Great discussion today led by Mark Michalski on compassion in emergency care. Mark is a staff specialist in emergency at RBWH and, as he was introduced by Vic Brazil, a bit of a moral compass for the rest of us.
This has been a bit of a theme in local circles – an article from the MJA has been circulating and provoking a bit of discussion. The article is called “More than the sum of our parts” by Tanya Hall and gives an account of the experience of being a patient undergoing diagnosis and treatment for breast cancer. Of course, the patient is in this case a medical practitioner.
Now that I think about it, what does it say about our profession that we only take note when one of our own pops up to say that this isn’t good enough, despite the fact people who aren’t doctors are going through this every day - even every few minutes?
Mark helped us developed a better concept of compassion – something like:
Having a deep awareness of the suffering of another coupled with the wish to relieve it
There was a little discussion on the big element missing from that definition – the showing part of showing compassion. In other words, having compassion and demonstrating it are not necessarily the same thing.
Mark mentioned a Stanford insitution - The Center for Compassion and Altruism Research and Education (CCARE) - founded by a neurosurgeon James Doty. CCARE supports research and education programs in compassion and I for one am developing a long list of individuals for whom an 8 week program is probably worthwhile.
We also talked about how it may be hard for us to demand compassion from our doctors, any more than we can mandate love from our parents or children, but we can certainly demand professionalism, including the professional behaviors that overlap with demonstrating compassion.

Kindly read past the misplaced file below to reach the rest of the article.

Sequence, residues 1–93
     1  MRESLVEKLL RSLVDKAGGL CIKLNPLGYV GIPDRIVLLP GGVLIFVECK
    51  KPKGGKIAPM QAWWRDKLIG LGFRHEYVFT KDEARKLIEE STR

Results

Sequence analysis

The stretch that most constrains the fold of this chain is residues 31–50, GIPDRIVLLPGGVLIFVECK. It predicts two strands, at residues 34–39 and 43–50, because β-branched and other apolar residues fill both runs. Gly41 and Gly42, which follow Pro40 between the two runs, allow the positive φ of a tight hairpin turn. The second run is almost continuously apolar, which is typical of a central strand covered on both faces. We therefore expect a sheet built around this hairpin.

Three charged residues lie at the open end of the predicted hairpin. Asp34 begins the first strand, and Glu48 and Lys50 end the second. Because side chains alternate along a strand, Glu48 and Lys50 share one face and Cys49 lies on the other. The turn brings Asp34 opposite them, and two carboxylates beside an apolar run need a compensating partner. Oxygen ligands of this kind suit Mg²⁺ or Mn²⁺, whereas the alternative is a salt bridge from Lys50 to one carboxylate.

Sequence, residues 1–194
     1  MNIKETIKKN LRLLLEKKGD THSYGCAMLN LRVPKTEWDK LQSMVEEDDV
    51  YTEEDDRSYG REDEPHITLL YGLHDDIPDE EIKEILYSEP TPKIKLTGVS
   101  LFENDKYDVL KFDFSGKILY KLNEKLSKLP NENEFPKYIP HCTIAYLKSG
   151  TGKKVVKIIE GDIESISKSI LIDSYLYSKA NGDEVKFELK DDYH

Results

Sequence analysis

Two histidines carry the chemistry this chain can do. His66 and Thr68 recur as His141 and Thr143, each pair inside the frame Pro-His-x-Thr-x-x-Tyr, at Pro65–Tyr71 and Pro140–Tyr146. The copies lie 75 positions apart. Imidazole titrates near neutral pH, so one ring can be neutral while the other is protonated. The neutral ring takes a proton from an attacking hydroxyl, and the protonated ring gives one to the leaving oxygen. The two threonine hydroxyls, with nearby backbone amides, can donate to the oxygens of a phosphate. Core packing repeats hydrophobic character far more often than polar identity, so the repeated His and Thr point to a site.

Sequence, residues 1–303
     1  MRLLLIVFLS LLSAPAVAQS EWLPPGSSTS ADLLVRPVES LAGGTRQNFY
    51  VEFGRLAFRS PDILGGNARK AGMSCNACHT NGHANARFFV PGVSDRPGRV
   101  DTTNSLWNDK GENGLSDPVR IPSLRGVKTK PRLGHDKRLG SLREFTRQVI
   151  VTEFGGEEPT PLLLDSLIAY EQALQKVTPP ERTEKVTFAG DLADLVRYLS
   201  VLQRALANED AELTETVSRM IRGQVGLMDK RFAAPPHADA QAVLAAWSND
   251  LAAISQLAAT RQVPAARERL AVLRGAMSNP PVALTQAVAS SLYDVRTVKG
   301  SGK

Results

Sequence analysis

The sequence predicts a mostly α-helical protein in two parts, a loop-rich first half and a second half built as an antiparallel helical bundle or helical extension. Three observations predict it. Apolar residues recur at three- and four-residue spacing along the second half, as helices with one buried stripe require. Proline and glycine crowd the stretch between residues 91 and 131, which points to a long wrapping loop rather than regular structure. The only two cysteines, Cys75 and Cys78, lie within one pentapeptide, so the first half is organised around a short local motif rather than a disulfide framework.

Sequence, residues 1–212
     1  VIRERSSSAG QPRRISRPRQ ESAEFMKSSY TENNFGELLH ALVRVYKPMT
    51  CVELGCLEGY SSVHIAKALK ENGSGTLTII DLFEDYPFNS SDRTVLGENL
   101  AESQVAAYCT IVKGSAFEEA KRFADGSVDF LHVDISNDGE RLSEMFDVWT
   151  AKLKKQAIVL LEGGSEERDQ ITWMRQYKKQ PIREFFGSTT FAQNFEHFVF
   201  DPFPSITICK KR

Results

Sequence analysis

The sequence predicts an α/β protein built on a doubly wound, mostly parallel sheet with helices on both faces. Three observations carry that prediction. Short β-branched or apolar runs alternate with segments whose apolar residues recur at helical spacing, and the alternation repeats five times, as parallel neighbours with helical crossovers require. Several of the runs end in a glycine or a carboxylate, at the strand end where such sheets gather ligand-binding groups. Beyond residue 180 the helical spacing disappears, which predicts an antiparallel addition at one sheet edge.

FInally the conversation segued around to the importance of understanding the needs of our patients beyond simple diagnosis and management (the sum of our parts, indeed). Determining the individual’s reason for presenting, and addressing that reason, while helping your patient move through this adverse situation that is so much more than a simple diagnosis is surely the best emergency care we can provide?
So to go full circle I recommend taking a peak at another MJA article, just heading to the presses and available open access. The article titled “Patient Designs” reintroduces the concept of patient-centred care with the help of a quote from Don Berwick, former president of the US-based Institute for Healthcare Improvement. Check out his speech on why he is scared to be a patient below.
The experience (to the extent the informed, individual patient desires it) of transparency, individualization, recognition, respect, dignity, and choice in all matters, without exception, related to one’s person, circumstances, and relationships in health care.